What is autologous fat grafting?
Dr. Stephen Ray at Cancer Treatment Centers of America® (CTCA) at Midwestern Regional Medical Center explains total breast reconstruction using autologous fat grafting.
Autologous fat grafting, also called autologous fat transfer, is a breast reconstruction technique recommended for some cancer patients who have had a lumpectomy or mastectomy procedure and want to restore a more normal appearance to their breast. An alternative to breast augmentation, the procedure uses the patient’s own tissue instead of implants in rebuilding the breast after cancer surgery. Autologous fat grafting harvests fat cells through liposuction from anywhere in the body, typically the thighs, belly or buttocks. The harvested cells are then thoroughly washed and purified and re-injected into the breasts to rebuild the tissue. This procedure may also help to improve breast shape and contour after implant reconstruction, flap reconstruction or lumpectomy.
The patient may require two to five autologous fat grafting procedures to rebuild a breast, depending on various factors, such as breast volume and available tissue. For some patients in limited situations, breast reconstruction may be performed at the time of the mastectomy.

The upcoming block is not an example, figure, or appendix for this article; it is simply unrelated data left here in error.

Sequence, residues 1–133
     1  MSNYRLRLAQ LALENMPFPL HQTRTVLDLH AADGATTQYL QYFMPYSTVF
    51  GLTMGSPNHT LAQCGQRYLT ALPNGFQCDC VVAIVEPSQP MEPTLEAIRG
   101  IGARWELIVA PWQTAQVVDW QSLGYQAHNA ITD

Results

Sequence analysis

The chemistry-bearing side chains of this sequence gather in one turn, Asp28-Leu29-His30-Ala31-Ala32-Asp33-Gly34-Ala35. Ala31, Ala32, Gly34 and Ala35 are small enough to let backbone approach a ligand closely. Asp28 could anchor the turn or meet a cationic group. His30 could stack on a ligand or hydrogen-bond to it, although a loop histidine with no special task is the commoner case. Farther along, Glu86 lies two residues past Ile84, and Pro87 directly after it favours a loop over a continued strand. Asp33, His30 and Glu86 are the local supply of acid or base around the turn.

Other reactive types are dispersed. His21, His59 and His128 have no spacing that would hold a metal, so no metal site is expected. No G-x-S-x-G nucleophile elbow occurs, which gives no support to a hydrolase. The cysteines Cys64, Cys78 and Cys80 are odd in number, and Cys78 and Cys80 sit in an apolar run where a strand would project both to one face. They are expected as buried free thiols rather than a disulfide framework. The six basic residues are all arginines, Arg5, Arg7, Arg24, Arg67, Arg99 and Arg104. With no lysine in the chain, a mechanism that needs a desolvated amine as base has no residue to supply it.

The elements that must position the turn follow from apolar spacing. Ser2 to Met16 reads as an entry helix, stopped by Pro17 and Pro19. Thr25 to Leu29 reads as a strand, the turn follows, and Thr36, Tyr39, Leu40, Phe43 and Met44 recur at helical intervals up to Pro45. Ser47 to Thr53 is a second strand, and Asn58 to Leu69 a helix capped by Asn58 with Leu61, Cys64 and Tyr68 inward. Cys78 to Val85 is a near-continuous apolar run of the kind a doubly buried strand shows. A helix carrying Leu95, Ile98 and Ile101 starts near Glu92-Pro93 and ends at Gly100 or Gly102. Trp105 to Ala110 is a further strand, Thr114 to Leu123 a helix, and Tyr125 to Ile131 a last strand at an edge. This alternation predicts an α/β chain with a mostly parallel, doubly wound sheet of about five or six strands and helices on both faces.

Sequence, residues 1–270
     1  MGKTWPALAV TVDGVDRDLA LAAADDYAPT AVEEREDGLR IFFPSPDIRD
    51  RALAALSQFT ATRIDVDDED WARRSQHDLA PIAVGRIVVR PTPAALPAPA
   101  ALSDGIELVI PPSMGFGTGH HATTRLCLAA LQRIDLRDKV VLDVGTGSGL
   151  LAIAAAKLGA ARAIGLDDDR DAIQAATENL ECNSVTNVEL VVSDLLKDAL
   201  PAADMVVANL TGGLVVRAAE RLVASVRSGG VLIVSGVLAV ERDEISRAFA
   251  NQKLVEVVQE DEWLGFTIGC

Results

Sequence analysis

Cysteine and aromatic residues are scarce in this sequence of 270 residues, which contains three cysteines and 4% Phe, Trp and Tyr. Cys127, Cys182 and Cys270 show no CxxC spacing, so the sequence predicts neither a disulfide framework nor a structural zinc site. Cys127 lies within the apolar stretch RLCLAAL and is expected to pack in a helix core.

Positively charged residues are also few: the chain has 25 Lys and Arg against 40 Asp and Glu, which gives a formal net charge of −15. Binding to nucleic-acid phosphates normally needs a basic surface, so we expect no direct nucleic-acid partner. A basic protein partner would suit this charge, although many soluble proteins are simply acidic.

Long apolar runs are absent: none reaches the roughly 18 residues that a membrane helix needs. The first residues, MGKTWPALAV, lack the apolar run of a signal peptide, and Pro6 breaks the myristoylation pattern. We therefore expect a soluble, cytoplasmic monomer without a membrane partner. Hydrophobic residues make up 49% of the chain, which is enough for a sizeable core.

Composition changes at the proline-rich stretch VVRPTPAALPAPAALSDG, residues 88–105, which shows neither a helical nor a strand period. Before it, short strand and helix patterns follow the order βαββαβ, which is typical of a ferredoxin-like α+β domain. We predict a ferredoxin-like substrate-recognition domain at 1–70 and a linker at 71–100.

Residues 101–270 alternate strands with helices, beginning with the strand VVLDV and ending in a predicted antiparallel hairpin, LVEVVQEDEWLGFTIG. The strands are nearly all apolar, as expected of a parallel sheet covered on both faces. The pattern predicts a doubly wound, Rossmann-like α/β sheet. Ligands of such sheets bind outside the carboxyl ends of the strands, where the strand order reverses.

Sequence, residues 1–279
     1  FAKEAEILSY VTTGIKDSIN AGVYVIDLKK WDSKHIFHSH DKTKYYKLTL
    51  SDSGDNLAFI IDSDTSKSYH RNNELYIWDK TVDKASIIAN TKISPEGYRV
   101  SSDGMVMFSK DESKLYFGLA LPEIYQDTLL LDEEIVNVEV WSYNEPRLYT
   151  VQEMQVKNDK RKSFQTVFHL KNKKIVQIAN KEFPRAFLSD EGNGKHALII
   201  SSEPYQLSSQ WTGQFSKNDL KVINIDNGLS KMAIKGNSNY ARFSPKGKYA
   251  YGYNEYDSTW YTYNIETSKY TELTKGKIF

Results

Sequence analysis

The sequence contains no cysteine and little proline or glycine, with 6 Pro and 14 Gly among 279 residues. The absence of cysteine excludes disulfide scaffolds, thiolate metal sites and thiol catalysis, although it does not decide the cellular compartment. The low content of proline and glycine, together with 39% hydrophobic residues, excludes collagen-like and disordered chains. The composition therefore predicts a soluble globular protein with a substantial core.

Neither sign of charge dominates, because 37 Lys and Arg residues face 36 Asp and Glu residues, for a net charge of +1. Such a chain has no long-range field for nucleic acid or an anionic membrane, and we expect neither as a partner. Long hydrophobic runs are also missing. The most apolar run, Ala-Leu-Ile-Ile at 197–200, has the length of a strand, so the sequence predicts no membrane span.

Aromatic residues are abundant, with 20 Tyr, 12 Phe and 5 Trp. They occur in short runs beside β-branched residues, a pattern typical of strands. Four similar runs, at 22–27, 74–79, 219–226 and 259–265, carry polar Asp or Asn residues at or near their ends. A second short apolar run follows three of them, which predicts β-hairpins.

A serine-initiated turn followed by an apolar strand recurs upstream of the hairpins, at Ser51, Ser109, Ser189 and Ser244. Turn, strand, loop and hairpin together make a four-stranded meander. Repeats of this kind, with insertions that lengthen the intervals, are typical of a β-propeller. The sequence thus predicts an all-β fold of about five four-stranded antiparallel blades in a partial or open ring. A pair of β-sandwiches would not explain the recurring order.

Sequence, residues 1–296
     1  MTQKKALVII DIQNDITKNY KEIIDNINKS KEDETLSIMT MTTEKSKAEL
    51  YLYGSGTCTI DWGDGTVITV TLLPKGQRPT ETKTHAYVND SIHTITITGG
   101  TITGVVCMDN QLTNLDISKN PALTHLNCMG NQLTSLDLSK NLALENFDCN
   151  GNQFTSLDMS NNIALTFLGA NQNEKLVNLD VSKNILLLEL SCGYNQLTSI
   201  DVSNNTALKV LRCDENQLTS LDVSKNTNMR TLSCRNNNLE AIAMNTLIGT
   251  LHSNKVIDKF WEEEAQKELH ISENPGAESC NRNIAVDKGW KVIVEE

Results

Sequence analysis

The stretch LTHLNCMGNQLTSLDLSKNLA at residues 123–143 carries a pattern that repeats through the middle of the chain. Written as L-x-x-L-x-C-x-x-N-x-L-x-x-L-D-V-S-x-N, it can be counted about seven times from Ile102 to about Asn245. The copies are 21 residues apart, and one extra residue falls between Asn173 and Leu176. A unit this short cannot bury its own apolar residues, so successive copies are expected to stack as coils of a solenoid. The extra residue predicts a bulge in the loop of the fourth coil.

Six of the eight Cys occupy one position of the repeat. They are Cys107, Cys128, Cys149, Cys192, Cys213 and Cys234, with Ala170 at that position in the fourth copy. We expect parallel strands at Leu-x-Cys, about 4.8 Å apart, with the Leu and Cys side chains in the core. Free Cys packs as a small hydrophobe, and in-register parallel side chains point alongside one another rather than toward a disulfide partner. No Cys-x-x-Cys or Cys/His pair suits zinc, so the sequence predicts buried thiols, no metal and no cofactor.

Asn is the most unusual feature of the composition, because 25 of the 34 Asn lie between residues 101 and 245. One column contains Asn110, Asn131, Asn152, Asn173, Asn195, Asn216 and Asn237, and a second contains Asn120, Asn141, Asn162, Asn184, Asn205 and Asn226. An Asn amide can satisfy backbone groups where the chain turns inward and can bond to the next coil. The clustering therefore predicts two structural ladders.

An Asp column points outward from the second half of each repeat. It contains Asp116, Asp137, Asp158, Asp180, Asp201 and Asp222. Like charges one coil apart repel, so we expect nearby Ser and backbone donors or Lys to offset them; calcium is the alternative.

Autologous fat grafting is considered a natural and flexible option for breast reconstruction. When using your own tissue instead of an implant, the fat is typically removed by liposuction from an area that doesn’t necessarily benefit from having the extra fat. Breasts that have been reconstructed using autologous fat grafting may feel softer and look more natural than a silicone or saline implant, which also comes with a risk of rupturing or leaking. Your surgeon may recommend several procedures to reach your breast size goal. An external expander device may help increase the space created to fill your breast.
Patients who undergo autologous fat grafting may experience some loss of volume. Over time, the fat injected into the breast may be reabsorbed by the body, and the breast tissue may shrink. In fact, up to 60 percent of the transplanted fat typically remains in the breast six months after surgery. To account for the tissue loss, reconstructive surgeons often overfill the breast so that it settles into a more natural size and shape. Autologous fat grafting procedures are often longer than standard breast implant augmentation surgeries because the liposuction and fat processing adds time to the process. Many patients experience swelling as a common side effect of fat injection, but the excess fluid typically is reabsorbed by the body within two to three weeks.
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